Classroom doors decorated with tinsel and Christmas chintz, secret Santas bring gifts of socks and simple delights like booze and cookies to tickle the heart to new heights while Christmas lights adorn classrooms and blowup Frostys gleefully wave in the season.
Teachers agree it’s that time in the semester where we can see the top of the hill from a long hard climb. We have struggled to gain understanding of our students, create that lesson that will help them see the world in a new way and gently guide them forward.
The students are punchy as midterms happen next week, stress levels are high, and students, administrators and faculty alike are right there as we get the last grades in and close up shop for the season. Holidays are upon us, and we can taste a well-deserved break.
The break is merely a breath. It’s time to think ahead to next semester and planning. We don’t pause. Mothers and fathers attend to the season of their children and the stresses that come with kids being home from school and making up for lost time.
Sometimes we’re climbing our own hills in life and need Christmas to remind us that there’s more here than meets the eye.
We are grieving lost ones and spending first Christmas’s with a new normal. We are struggling to understand and examining regrets. We are held in the throes of uncertainty and contemplating deeper thoughts of where we are going in life. We are all journeying with the Unknown.
This time forces us to think deeper about where we have been and where we are going. Somewhere in between we seek to understand the new light in a season of Advent. No matter the profession there is a breath of life. It’s the season where we feel the coming of the end of the year and holidays to celebrate life.
We can choose to ignore the holidays and keep moving with things to keep us busy, or we can take in the moments of simplicity and channel that to our blessed innocence.
Escapism this time of year is not only welcomed, it’s needed. We need to escape into the wonder that we learned as children. Obligations like shopping become just that – a means to an end. Sharing the moment with a sibling or child, though, and taking a u-turn or “Y-O-U Turn” to mix it up may be the very shot of cheer that is badly needed.
Maybe doing something you haven’t done is the right medicine for holiday blues. Maybe seeing the world from a new perspective this season will trip your consciousness into new understanding. Maybe delving into a holiday movie you haven’t seen before or a story to freshen the perspective.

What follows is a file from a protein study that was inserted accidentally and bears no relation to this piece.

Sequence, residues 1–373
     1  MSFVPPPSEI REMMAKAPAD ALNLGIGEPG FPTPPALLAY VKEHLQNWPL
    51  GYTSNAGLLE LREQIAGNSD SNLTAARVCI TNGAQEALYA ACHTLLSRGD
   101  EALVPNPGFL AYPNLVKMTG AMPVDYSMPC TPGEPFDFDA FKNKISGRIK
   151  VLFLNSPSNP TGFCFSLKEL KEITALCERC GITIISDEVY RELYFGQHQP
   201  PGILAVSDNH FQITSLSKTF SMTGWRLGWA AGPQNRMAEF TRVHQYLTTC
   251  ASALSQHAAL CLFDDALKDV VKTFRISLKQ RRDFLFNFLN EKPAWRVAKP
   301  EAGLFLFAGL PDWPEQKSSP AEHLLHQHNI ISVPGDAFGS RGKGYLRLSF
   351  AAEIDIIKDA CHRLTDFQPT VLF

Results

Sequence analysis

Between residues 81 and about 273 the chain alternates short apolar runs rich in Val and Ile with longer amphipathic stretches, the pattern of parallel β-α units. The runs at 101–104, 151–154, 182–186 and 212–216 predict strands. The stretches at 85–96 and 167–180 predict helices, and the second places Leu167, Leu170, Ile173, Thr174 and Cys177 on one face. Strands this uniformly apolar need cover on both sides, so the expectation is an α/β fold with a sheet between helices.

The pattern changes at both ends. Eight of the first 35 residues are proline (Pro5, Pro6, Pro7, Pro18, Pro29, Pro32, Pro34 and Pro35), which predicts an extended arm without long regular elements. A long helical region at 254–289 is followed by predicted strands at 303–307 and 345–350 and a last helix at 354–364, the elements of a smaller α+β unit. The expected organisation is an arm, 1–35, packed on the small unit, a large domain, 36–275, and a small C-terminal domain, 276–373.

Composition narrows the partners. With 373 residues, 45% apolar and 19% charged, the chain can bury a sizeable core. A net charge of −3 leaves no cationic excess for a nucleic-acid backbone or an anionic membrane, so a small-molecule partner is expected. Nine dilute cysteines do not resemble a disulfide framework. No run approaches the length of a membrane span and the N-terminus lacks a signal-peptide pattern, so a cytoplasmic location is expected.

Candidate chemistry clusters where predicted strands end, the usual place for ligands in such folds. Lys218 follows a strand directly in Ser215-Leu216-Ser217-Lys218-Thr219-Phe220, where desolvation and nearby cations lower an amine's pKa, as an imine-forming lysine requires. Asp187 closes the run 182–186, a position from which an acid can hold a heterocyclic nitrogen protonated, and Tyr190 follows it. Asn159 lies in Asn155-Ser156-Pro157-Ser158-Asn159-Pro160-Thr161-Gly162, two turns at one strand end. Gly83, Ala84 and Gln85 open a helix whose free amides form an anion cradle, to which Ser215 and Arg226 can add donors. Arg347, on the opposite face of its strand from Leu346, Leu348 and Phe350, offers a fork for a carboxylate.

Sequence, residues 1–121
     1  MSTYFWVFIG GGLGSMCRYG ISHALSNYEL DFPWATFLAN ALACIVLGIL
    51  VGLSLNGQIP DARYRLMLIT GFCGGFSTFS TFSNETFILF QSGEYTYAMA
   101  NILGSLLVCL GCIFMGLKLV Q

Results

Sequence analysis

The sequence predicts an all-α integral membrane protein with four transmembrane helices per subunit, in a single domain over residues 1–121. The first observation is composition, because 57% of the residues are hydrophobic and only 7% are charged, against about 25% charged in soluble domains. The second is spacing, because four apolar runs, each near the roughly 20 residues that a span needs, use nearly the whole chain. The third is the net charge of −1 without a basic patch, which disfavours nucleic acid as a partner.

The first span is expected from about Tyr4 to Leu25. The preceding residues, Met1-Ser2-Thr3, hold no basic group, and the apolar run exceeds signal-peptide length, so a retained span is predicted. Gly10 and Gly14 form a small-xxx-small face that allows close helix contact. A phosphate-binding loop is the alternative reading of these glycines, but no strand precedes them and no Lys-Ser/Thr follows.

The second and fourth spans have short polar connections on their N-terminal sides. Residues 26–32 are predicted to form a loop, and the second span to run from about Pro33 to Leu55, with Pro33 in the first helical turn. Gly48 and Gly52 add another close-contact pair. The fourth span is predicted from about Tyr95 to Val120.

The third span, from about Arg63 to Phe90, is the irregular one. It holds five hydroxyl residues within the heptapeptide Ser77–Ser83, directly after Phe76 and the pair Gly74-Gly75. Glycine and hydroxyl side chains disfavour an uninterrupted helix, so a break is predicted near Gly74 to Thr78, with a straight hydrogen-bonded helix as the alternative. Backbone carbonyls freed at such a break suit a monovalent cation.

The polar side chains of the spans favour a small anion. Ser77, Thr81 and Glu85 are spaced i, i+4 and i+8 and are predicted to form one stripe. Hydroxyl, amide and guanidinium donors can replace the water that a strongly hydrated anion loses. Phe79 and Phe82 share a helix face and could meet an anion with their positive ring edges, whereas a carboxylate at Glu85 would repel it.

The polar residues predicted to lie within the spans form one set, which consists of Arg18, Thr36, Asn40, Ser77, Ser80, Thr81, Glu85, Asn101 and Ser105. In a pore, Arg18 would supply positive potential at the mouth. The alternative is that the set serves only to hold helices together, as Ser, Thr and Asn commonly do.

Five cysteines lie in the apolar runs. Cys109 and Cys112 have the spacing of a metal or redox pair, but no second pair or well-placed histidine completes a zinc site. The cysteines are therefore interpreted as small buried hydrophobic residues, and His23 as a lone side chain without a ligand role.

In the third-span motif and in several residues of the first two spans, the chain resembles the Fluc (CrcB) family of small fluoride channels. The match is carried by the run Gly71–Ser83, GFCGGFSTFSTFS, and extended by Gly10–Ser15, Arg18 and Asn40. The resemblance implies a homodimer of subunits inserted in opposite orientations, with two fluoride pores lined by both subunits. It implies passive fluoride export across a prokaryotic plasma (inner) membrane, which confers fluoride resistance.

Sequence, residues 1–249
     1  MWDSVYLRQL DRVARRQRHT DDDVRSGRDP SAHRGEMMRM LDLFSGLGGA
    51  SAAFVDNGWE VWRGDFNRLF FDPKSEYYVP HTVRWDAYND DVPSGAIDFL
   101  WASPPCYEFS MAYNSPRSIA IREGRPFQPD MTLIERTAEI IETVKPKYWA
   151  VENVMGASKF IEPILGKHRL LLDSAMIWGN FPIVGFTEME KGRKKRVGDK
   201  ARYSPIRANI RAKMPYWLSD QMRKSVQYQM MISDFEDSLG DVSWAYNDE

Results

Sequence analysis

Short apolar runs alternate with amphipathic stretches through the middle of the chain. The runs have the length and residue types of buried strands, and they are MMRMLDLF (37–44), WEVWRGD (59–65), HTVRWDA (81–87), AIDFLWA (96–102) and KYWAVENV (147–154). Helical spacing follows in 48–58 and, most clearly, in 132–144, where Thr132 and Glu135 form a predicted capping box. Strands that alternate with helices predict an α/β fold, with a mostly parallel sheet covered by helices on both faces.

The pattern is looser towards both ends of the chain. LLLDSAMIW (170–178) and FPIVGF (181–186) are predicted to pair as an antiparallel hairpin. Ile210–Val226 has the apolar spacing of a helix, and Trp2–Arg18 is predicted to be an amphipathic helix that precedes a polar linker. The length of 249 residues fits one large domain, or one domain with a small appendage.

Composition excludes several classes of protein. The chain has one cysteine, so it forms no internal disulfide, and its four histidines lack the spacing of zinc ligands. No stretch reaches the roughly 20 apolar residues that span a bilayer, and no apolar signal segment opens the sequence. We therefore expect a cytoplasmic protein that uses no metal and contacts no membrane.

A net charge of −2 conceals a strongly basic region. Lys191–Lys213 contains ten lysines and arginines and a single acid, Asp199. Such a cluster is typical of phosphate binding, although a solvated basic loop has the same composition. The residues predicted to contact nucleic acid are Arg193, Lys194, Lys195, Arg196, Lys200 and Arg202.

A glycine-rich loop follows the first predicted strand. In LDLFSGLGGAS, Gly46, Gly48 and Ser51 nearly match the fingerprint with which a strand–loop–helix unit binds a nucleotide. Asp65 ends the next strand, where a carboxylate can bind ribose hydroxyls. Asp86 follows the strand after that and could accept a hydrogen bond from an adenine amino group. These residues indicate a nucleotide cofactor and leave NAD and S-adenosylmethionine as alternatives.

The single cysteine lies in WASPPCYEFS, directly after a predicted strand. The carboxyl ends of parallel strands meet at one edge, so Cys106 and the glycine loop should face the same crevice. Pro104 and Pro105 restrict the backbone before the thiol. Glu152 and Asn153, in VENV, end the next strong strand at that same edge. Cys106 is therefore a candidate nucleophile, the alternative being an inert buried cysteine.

Scrooge is a special character for me. Every year I cherish Dickens’ nudge to escape into Victorian England and watch a bitter old objectivist transform into a childlike philanthropic positivist and giver of hope.
I’ve trained a keen eye looking for the epiphany in every scene. His winsome life being transformed before our eyes; the magic of time in a treasured moment evaporated in denial of his feelings and moving forward with precision focus on business.
I’ve learned that it’s not his fault. Dickens understood all too well that we all fall into the trap of denial. We all lose sight of simplicity and wonder. But Christmas forces our hand. This season calls us to open heartedness and digging deeper to see the bullseye bingo moments of understanding.
I’m not going to pretend I may find it, but if I direct my attention to it, it should manifest. Sometimes when we’re climbing the hill, we just want to get to the top and be done with it.
We lose our sense of knowing the treats of nature that make the climb worthwhile. It occurs to me that maybe the top is not the place where the true view we need exists. It is on the journey, on the path where we are right now. Maybe a “Y-O-U turn” on the climb is needed to see the deeper reality of the season – a trigger of hope.
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